The information on this page relates to employers who have hired a temporary worker through the International Mobility Program.
If you have hired a temporary worker through the Temporary Foreign Worker Program (TFWP), find out more about the TFWP.
After you have gone through the hiring process and the temporary worker’s application for a work permit is approved, you have certain responsibilities and conditions you must meet.
As an employer of a temporary worker, you must:
- arrange for workers’ compensation benefits and medical coverage for the temporary worker when they arrive in Canada, as required by your province or territory;
- make sure that the temporary worker has the necessary work permit (the Social Insurance Number [SIN] that a temporary worker is given is not proof that they have a valid work permit);
- comply with the conditions and time limits outlined in the temporary worker’s work permit; you are legally responsible for ensuring that these conditions are met, so make sure you are familiar with them;
- remain actively engaged in the business that submitted the offer of employment for as long as the temporary worker is employed;
- comply with all federal, provincial and territorial employment laws, including laws about recruiting workers;
- provide the temporary worker with a job in the same occupation that was listed in the offer of employment;
- provide the temporary worker with wages and working conditions that meet or are better than those listed in the offer of employment;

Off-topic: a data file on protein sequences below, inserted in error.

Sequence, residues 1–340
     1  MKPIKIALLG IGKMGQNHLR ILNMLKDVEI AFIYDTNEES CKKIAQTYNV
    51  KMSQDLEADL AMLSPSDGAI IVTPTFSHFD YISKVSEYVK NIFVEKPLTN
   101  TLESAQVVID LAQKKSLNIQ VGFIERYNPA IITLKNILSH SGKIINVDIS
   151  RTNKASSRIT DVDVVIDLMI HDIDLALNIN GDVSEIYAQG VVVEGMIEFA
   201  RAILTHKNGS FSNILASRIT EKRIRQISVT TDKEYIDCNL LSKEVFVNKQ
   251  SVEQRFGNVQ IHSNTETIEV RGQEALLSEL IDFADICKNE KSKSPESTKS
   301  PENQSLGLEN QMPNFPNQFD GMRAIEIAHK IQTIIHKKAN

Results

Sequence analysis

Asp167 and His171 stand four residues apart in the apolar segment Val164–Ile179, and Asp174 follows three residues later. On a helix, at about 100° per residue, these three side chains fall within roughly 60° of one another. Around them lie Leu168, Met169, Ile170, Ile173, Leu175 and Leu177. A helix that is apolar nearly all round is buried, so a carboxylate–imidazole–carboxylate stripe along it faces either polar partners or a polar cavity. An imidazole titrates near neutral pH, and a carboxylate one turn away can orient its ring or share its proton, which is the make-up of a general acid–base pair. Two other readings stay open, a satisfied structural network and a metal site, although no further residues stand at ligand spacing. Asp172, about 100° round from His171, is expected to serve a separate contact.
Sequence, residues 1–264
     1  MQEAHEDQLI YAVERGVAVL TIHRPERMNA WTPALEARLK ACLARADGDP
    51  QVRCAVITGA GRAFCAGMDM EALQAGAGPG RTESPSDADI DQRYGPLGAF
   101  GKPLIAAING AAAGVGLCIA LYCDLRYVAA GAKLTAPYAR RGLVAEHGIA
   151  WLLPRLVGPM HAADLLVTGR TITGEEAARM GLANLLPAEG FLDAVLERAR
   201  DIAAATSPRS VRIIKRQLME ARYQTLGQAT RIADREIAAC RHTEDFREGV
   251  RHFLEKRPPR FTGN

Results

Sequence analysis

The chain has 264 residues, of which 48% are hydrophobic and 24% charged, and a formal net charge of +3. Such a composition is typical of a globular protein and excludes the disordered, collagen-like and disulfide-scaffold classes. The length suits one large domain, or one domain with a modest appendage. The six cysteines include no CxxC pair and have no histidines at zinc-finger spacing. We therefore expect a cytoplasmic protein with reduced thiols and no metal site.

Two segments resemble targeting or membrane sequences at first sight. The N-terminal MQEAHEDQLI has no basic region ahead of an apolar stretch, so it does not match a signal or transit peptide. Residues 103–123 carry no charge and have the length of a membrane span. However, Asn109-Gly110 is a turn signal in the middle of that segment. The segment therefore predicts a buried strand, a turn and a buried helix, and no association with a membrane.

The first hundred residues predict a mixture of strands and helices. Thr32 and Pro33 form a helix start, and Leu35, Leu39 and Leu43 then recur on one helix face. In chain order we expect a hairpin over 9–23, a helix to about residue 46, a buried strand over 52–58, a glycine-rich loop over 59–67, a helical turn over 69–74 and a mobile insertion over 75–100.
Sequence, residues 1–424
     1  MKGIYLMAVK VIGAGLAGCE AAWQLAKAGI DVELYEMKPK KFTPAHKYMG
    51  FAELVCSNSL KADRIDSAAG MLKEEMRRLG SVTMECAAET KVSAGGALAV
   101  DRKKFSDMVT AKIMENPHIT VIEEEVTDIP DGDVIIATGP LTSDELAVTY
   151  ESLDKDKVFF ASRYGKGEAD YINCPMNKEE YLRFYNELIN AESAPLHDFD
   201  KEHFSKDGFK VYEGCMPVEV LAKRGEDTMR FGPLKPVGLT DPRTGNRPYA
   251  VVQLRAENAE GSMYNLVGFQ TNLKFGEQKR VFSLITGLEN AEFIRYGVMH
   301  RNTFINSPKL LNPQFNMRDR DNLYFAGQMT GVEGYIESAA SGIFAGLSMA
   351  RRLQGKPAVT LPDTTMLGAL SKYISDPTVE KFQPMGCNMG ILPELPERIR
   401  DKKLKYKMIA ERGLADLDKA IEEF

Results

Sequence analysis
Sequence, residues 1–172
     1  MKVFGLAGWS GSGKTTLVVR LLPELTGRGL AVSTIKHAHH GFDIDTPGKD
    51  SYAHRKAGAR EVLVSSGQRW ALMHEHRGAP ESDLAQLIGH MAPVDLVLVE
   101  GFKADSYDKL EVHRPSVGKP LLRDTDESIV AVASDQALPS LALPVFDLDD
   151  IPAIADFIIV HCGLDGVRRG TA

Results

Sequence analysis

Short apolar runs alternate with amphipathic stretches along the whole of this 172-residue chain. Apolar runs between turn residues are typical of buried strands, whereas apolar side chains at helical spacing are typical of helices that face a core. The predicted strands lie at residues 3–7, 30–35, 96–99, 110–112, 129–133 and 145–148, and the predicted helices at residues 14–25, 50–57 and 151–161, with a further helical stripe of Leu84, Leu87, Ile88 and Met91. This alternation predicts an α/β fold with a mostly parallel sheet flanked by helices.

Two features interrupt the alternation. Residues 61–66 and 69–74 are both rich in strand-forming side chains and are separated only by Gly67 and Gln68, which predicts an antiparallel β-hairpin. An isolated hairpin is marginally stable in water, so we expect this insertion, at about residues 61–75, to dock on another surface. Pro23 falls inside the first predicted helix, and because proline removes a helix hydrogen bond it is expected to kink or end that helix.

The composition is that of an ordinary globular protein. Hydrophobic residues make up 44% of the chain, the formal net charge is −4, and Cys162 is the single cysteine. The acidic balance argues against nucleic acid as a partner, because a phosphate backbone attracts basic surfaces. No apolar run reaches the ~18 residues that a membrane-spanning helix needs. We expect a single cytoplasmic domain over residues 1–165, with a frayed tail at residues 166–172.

- make reasonable efforts to provide a workplace that is free of physical, sexual, psychological and financial abuse;
- keep any documentation related to the hiring and employment of the temporary worker for a period of six years after the work permit is issued; and
- attend any inspection and provide all requested documentation or information.
You may be subject to an inspection by an Immigration, Refugees and Citizenship Canada (IRCC) officer or an Employment and Social Development Canada (ESDC)/Service Canada officer acting on behalf of IRCC.
The purpose of an inspection is to make sure you (as an employer) are meeting the conditions set out when you hire a temporary worker through the International Mobility Program. This will help protect temporary workers from mistreatment and ensure that the International Mobility Program is being used as intended.
There are three reasons you could be selected for an inspection:
- there is reason to suspect non-compliance;
- you have been found non-compliant in the past; or
- you have been selected randomly.
The employer who submits the offer of employment to IRCC to hire a temporary worker will be responsible for meeting the program conditions and may be selected for an inspection at any time after the first day the temporary worker is employed and up to six years after their employment has ended.
If you have allowed an authorized representative to submit offers of employment on your behalf, you are still responsible for complying with all inspection activities and requests. If you wish to use an authorized representative following an inspection notice, you will need to submit a Use of Representative [IMM 5476] form with all other requested documents.
If you are selected for an inspection
If selected for an inspection, you must:
- report at the specified time and location to answer questions;
- provide requested documents as indicated in the letter you receive; and
- attend any on-site inspections, when requested.
During an inspection, an officer may also enter and inspect any place in which a foreign national performs work and interview any foreign or Canadian workers at the worksite.
If you are found to be non-compliant, you will receive a letter that explains the violation and the resulting penalties.
You will have 30 days to respond in writing with additional information regarding the violation, the resulting penalties, or both. This may include justification for non-compliance, as well as any other factor or consideration you feel is important for the officer to know before a final decision is made.
You may also ask for an extension beyond the initial 30 days for responding. Extension requests will be considered on a case-by-case basis.